G.Ho.St Shows Google Chrome Potential For Hosted Operating System

G.ho.st (the Global Hosted Operating SysTem pronounced "ghost"),which offers its Web-based G.ho.st Virtual Computer (VC) free of charge to every human being, today launched its brand new G.ho.st Mobile service at the DEMOfall conference in San Diego.

The G.ho.st Virtual Computer already allows users to access their desktop, files, settings and apps from any browser but this has now been extended to a range of mobile phones as well.

The main VC service is live at http://G.ho.st and the new Mobile service may be accessed from any mobile phone browser at the same URL.

The G.ho.st VC, together with G.ho.st Mobile allows a user to keep their entire digital life professionally hosted at G.ho.st, which in turn uses Amazon.com's famous data center (AWS).

A user can then access his digital life from any browser or mobile phone. The solution requires no administration, such as installing software, backing-up or syncing, and is provided completely free of charge.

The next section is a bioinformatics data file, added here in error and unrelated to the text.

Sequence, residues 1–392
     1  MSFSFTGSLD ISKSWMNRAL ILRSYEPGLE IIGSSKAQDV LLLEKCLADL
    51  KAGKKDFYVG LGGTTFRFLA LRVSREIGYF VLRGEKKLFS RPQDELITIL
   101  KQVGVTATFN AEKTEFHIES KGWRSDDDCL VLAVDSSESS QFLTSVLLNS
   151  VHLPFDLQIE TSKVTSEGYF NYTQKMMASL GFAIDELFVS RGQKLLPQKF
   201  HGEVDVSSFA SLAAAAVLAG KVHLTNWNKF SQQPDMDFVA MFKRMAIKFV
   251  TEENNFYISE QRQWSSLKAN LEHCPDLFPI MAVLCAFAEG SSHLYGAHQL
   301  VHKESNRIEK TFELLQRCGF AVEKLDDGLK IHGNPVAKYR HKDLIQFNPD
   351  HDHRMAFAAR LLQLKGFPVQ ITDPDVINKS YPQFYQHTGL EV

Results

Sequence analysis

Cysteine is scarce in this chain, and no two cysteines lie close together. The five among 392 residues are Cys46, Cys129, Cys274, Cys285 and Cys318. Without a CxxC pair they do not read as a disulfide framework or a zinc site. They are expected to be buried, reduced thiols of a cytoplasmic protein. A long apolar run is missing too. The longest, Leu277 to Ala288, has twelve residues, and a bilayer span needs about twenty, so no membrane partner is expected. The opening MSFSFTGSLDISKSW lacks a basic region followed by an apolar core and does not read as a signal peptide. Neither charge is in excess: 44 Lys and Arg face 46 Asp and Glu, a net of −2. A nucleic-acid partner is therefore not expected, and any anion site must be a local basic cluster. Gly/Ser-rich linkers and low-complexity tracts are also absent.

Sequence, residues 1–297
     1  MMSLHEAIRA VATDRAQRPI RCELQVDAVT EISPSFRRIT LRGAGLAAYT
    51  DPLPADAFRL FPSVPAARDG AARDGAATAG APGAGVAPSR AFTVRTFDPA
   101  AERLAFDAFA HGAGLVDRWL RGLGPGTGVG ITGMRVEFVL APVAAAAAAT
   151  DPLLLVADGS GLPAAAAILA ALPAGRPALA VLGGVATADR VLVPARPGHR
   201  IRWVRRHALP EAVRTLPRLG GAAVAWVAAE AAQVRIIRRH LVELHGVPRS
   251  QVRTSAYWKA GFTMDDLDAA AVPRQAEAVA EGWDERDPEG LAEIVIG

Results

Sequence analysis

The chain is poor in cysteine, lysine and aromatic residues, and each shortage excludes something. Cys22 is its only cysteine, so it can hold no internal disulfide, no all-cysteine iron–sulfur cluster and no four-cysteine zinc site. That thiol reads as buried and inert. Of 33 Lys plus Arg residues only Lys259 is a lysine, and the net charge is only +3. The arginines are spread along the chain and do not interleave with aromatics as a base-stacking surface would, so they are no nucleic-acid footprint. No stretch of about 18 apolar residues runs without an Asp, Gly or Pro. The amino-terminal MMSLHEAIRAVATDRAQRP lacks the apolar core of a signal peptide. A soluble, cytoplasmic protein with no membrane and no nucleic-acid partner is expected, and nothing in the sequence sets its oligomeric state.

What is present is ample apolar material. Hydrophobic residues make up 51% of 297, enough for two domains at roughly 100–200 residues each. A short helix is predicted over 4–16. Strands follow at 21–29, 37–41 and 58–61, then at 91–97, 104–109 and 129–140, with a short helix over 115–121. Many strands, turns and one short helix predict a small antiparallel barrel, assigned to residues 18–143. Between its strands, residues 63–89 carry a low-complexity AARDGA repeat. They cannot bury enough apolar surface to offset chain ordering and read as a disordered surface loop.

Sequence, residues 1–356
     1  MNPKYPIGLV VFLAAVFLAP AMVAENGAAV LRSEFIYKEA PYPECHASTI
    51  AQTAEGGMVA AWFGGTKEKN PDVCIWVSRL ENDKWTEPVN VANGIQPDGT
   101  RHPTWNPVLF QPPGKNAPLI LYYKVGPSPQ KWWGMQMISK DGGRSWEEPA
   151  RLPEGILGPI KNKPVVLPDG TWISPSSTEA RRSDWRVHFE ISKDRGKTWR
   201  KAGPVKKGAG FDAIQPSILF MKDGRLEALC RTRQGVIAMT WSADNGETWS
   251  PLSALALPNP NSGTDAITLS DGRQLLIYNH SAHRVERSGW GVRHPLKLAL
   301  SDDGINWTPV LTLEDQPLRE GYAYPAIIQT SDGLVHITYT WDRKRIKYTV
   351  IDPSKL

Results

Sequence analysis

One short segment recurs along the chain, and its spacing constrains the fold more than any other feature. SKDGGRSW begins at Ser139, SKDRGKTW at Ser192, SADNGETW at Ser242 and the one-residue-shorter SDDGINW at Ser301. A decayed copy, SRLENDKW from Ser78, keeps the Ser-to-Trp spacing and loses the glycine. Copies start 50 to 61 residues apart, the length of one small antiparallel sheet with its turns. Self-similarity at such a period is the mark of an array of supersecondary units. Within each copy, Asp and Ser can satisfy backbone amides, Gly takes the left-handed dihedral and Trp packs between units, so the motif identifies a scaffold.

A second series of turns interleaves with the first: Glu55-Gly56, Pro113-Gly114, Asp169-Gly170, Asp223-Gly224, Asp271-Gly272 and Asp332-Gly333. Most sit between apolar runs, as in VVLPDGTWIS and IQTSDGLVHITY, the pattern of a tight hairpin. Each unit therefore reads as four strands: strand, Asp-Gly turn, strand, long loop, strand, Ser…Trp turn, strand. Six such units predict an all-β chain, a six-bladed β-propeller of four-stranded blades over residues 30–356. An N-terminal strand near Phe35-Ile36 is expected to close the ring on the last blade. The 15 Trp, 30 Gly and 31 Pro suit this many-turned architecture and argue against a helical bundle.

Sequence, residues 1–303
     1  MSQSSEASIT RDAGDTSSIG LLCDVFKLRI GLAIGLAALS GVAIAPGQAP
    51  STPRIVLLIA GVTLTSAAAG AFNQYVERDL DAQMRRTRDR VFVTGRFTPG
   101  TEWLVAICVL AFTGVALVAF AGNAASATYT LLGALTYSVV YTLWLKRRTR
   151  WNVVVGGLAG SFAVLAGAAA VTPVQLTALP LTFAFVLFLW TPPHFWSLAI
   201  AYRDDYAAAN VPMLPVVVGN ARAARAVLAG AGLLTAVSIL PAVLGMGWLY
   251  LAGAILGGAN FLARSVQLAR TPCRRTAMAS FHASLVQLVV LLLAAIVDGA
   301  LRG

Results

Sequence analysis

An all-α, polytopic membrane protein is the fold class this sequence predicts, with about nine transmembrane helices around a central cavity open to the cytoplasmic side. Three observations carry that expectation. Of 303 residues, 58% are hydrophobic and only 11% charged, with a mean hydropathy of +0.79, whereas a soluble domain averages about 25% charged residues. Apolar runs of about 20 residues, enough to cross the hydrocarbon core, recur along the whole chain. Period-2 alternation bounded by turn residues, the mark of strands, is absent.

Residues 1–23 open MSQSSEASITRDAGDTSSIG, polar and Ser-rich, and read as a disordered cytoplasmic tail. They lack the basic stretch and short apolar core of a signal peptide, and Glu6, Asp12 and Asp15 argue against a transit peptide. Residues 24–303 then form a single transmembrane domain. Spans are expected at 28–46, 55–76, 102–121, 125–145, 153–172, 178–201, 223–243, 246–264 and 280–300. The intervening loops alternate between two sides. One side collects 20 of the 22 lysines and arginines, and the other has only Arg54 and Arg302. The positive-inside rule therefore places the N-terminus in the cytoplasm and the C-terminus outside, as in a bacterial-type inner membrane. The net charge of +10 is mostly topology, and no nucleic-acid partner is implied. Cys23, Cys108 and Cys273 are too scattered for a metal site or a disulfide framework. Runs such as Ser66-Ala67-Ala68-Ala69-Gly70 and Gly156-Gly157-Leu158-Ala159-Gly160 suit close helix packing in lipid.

For people who travel or use different devices in different locations, the G.ho.st solution provides a complete alternative to Microsoft Windows Windows CE which are tied to specific devices, are comparatively more expensive and require syncing and other administration.

"Increasingly, people lead a mobile lifestyle and want to see their files and apps from any device, not from one fixed PC," said Zvi Schreiber, G.ho.st founder and CEO. "G.ho.st with G.ho.st Mobile is revolutionizing the way the next generation does computing -- moving the entire computing experience on to the Web and decoupling the personal computing environment from the physical device."

G.ho.st is in public alpha and expects to launch a beta service that will be ready for "prime time" in the coming months. Users worldwide are already adopting G.ho.st as their primary computing environment or as a secondary environment to be used away from home.

Like many other WebOS solutions, G.Ho.St provides with an interesting environment which provides a glimpse of the future of operating system and works quite well with Google's own Chrome browser (although it wrongly identifies it as Safari).